Stuffed Cabbage - A family recipe

AHHH! The smell of stuffed cabbage – – heaven! When Mary Ann and I were growing up Stuffed Cabbage was served at every family gathering. Between us we had “just off the boat” Polish, Ukrainian, and Croatian grandparents. Stuffed cabbage and pierogies were the stuff of our childhood. Mind you, this “recipe” is flexible. A bit more or a bit less of each ingredient and things will turn out fine. The whole process might seem intimidating but followed, simple step by simple step, it all comes together beautifully. I ALWAYS make big batches of stuffed cabbage. I figure that, if I am going to do it I might just as well do it big. These pictures were taken in September 2010 – when I made 5/9×12 inch pans of cabbage rolls for the freezer.

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Stuffed Cabbage

The basic ingredient ratio for the filling: 1-2 cabbages/2 pounds ground beef-pork/1 big onion/ 2 cloves of garlic/1 cup raw rice. This allows you to make a single batch or double or triple the basic recipe.

– Cabbage – look for big, heavy heads. The heads I used in these pictures were between 41/2 and 6 pounds each and cost me $1.00 each – a grocery store special of the week

– Ground meat – I use half ground beef and half ground pork though any combination will be fine – 2 pounds total per 1-2 cabbages

– Rice – 1 cup raw white or brown rice per 2 pounds of ground meat. White rice is traditional and is what I use

– 1 beef bouillon cube per cup of raw rice

– Onion – 1 big onion, chopped fine and sautéed in 1 stick of butter or – if you must – use olive oil for 1-2 cabbages

– Garlic – this is a personal choice – some do, some don’t – I use at least 2 cloves per onion

– Butter or olive oil for sautéing the onion and garlic

– Salt and pepper

– One 46 oz. can tomato juice for every 1-2 cabbages – you can use 1-2 quarts of home canned. If I have tomato sauce I might use that.

– 1 to 2/14.5 oz. cans of sauerkraut – I use homemade sauerkraut

Begin by putting a large pot of water on to boil – use a pot big enough to hold enough water to immerse an entire head of cabbage. Cut the core out of each cabbage – do a good job of removing the entire core because you will be pulling the leaves apart in boiling water. Add each cored cabbage – one at a time, to the boiling water. As the cabbage softens remove the leaves, one at a time, to a plate. Spread out the drained leaves to cool. With a paring knife, trim the rib so the leaves will roll when filled. Your goal here is to thin the rib not cut all the way through the leaf. Set the leaves aside until needed.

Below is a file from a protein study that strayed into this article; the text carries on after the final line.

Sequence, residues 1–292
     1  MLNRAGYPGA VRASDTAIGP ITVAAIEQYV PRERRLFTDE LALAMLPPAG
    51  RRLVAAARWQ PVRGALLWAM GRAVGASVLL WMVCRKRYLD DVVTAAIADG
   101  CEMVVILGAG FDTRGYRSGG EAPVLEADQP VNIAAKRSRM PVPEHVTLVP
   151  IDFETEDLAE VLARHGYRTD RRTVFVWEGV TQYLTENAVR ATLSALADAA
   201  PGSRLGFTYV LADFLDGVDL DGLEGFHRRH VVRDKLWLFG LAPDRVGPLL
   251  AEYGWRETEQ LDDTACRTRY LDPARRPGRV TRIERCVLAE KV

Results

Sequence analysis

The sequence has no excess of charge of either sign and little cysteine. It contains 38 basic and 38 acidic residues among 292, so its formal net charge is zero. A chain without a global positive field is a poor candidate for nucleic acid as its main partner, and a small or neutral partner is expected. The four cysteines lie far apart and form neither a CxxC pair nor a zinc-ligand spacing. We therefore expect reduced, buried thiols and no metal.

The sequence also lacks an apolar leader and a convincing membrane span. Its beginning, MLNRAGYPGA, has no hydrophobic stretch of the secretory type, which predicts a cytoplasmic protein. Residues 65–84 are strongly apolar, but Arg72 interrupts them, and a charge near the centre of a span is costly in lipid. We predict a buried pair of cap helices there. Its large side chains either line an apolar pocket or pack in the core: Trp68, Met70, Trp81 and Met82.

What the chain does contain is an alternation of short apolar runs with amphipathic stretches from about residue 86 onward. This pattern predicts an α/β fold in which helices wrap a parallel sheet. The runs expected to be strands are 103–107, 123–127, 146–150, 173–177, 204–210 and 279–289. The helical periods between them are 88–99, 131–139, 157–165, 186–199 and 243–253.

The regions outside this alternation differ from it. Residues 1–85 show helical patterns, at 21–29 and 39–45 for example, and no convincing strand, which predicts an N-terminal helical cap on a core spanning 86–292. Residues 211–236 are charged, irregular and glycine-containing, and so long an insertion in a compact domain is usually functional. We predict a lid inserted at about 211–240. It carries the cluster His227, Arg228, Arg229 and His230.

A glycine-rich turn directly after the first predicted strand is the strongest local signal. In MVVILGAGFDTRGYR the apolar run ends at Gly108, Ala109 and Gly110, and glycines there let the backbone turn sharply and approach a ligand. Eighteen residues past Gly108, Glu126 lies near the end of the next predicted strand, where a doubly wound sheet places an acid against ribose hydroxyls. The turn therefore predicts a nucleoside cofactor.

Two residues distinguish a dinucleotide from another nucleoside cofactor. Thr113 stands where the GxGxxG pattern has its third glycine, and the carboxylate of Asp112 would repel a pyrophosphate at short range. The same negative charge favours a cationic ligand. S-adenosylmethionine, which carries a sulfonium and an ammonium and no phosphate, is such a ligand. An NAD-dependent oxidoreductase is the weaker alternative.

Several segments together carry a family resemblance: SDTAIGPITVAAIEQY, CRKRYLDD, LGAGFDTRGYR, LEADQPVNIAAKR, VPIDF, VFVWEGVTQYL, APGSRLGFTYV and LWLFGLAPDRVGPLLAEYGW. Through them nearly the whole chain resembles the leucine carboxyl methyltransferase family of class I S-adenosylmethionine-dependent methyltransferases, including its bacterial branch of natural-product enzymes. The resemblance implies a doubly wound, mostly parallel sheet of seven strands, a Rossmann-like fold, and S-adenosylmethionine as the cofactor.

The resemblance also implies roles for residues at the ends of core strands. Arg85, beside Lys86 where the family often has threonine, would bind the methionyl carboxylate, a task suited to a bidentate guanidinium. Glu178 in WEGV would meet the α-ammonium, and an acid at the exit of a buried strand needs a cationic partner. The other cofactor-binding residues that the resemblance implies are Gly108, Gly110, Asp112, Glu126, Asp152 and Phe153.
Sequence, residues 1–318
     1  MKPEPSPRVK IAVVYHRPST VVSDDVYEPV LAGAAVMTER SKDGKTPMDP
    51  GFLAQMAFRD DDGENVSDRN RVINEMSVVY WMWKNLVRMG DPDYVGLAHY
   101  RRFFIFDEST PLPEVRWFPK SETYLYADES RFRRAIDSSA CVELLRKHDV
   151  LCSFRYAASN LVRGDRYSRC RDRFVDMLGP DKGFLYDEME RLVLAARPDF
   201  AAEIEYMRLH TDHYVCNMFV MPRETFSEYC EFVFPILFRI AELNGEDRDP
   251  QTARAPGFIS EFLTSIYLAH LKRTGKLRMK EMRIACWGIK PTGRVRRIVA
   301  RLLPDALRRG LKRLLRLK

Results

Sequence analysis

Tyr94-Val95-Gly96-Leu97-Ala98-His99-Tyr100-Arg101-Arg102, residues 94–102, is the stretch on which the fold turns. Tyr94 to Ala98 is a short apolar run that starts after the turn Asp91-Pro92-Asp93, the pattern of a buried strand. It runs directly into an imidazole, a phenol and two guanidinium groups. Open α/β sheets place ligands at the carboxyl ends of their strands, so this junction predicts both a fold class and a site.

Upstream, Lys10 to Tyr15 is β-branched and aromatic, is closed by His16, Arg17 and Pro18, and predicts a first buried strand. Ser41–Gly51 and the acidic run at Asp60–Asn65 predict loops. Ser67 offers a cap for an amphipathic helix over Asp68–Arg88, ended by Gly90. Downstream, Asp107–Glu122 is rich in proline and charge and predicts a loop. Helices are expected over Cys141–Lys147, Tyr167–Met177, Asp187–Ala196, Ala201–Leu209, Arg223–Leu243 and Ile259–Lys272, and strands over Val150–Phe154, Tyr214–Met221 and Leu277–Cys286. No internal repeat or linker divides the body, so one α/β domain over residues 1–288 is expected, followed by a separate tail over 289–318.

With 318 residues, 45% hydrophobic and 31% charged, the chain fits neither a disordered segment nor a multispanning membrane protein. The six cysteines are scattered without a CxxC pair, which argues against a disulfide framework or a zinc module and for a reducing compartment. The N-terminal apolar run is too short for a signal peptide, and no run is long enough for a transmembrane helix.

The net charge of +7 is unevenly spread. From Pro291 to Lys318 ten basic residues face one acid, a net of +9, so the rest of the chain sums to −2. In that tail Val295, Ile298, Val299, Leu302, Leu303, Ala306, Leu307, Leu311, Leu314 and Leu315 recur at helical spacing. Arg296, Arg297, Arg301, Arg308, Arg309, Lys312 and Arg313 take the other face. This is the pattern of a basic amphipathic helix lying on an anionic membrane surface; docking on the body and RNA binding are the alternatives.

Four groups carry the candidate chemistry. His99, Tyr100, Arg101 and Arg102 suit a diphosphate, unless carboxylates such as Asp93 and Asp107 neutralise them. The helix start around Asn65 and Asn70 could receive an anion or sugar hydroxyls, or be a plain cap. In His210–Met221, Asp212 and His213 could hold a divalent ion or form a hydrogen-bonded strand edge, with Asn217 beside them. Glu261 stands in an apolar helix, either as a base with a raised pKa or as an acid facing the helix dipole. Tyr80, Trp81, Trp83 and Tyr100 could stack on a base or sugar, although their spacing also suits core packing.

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– Chop and sauté the onion and garlic on low heat, until they are soft and barely coloring.
– Cook the rice – For each one cup of raw rice bring 2 1/2 cups of water to a boil – add rice and beef bouillon cube – return to a boil, cover and simmer on low until the water is absorbed.
– Place the raw meat in a large bowl and add the sautéed onion/garlic, cooked rice, salt and pepper, and enough of the tomato juice to help things bind together loosely but not make it too juicy – maybe a cup or so.

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Lay out everything within easy reach: prepared cabbage leaves, prepared filling, sauerkraut, tomato juice/sauce. Lightly cover the bottom of the pan with tomato juice/sauce and sprinkle with chopped pieces of cabbage that are left after removing the leaves for stuffing.

To make the cabbage rolls: hold a prepared cabbage leaf in one hand, add a scoop of the filling and fold the leaf around the filling. Fold in both edges and finish rolling the leaf up. Place the cabbage roll in your pan. Continue to add cabbage rolls to your pan until you have a finished layer. Top the layer with sauerkraut and add a second layer. Add another layer of sauerkraut and pour on tomato juice to cover the cabbage rolls.

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TaDa!! Aren’t they gorgeous! At this point you can tightly wrap the pan in foil and freeze it. Defrost the frozen cabbage rolls in the refrigerator over night and bake them at 350° until internal temperature is 150°. Or . . immediately bake the cabbage rolls at 350° until the internal temperature is 150°. Obviously, the bigger the pan the longer the cooking time. We usually serve our cabbage rolls with a small pitcher of warm tomato sauce for topping them off. Don’t let the length of this post scare you – if you follow each step and line everything up before you begin filling the cabbage leaves all will be well. I hope you try our family recipe – it just might become your families recipe.

Hey from the farm,
Fran The Country Cousin

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